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Archive for the ‘particle physics’ category

Aug 9, 2018

The fastest human-made object launches for the Sun this Saturday

Posted by in categories: particle physics, satellites

If the weather remains favorable and everything goes according to plan on August 11th, NASA is sending a spacecraft to the sun. The Parker Solar Probe will go closer to the massive ball of gas and plasma keeping our solar system together than any other spacecraft has gone before. It will brave extreme temperatures reaching up to 2,500 degrees Fahrenheit to collect data and images of the sun’s atmosphere called “corona.” The spacecraft will also reach speeds up to 430,000 mph, making it the fastest-ever human-made object. That’s nowhere near fast enough to reach Alpha Centauri within our lifetime — it has to travel around 7,000 years to reach the star closest to our sun — but fast enough to get from Philadelphia to DC in a second.

NASA plans to use the data it beams back to figure out how we can better prepare for solar winds, which are streams of charged particles emitted by the corona. Particularly strong winds could change satellites’ orbits, interfere with their instruments and even affect power grids here on Earth. If we want to head deeper into space in the future, we must first study how solar winds can affect our vehicles. Besides, we need to take a closer look at the star nearest to us if we want to learn more about the other stars in the universe. Finally, studying the sun could shed light on the origin of life on Earth, since it’s our source of light and heat.

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Aug 7, 2018

Jupiter’s moons create invisible ‘killer’ waves that could destroy spacecraft

Posted by in categories: particle physics, robotics/AI, space travel

Here on Earth, electromagnetic waves around the planet are typically pretty calm. When the Sun fires a burst of charged particles at the Earth we are treated to an aurora (often called Northern Lights), but rarely are they a cause for concern. If you were to head to Jupiter, however, things would change dramatically.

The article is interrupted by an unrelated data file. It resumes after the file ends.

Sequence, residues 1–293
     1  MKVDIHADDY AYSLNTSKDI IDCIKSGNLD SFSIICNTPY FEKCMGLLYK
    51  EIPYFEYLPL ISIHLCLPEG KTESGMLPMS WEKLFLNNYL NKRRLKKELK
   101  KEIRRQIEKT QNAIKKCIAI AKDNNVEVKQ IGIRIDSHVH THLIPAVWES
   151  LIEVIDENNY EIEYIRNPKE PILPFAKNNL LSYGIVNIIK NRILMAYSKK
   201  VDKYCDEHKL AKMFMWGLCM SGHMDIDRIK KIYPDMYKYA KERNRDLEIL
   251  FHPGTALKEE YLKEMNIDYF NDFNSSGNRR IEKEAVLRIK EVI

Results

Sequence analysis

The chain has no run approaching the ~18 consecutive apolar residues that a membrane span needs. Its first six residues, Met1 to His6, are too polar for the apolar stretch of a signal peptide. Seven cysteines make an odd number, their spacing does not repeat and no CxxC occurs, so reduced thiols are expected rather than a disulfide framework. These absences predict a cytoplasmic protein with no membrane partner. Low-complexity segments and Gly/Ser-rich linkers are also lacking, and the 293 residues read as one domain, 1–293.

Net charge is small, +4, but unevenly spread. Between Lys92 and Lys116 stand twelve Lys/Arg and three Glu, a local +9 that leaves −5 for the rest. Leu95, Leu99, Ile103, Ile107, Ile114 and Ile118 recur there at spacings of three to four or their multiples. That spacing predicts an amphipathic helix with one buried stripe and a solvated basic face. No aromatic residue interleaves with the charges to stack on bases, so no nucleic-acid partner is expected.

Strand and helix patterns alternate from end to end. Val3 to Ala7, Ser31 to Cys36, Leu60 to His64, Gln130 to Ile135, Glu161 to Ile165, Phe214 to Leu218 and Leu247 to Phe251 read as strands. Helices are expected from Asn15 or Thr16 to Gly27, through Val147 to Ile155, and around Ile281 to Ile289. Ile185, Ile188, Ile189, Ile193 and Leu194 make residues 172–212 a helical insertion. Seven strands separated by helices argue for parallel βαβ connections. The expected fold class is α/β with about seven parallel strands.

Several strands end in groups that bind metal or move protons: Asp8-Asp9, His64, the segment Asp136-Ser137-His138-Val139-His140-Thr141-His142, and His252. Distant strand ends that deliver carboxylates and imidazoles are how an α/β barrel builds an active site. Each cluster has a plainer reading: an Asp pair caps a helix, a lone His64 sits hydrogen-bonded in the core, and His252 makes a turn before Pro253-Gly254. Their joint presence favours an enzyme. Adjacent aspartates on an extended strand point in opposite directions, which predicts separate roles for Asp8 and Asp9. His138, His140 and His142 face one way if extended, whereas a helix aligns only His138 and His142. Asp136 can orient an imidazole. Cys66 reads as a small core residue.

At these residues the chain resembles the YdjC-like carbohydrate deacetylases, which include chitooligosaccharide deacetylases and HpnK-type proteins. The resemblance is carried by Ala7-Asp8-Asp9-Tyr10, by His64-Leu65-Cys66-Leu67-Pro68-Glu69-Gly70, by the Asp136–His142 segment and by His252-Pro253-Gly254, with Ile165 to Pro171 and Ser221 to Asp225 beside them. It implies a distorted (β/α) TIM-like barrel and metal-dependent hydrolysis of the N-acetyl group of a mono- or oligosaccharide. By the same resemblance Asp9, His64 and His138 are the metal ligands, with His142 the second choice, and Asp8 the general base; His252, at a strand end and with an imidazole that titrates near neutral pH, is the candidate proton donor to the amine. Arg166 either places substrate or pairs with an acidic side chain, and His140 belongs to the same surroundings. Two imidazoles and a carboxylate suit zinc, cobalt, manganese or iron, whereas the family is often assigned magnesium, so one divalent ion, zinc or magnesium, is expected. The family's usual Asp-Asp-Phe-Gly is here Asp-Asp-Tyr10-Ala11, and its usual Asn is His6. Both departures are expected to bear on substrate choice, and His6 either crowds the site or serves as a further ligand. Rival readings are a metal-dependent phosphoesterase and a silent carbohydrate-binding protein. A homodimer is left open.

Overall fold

In a new study published in Nature Communications, researchers describe the incredible electromagnetic field structure around two of Jupiter’s moons: Europa and Ganymede. The invisible magnetic fields around these bodies is being powered by Jupiter’s own magnetic field, and the result is an ultra-powerful particle accelerator of sorts, which might be capable of seriously damaging or even destroying a spacecraft.

“Chorus waves” are low-frequency electromagnetic waves that occur naturally around planets, including Earth. Near our planet they’re mostly harmless, but they do have the capability to produce extremely fast-moving “killer” particles that could cause damage to manmade technology if we happened to be in the wrong place at the wrong time.

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Aug 4, 2018

Nanotube “Rebar” Makes Graphene Even Stronger

Posted by in categories: nanotechnology, particle physics, space

You may know graphene as a pseudo-legendary substance that could potentially revolutionize science and space travel and all sorts of things. If you don’t, you should get educated is pretty ridiculous. Simply made from carbon arranged into perfect one atom thing sheets makes the material one of the strongest ever observed. And, now, researchers at Rice University have found that so-called “rebar” graphene is dramatically tougher.

Graphene is much stronger than steel. In fact, an elephant could stand on a pencil and that pressure couldn’t break through a thin sheet of the material. But, because it is arranged in sheets, it can still be ripped if damaged from the right angle. But the researchers figured that reinforcing the structure, as we do with steel bars in concrete structures, l could help prevent damage.

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Jul 30, 2018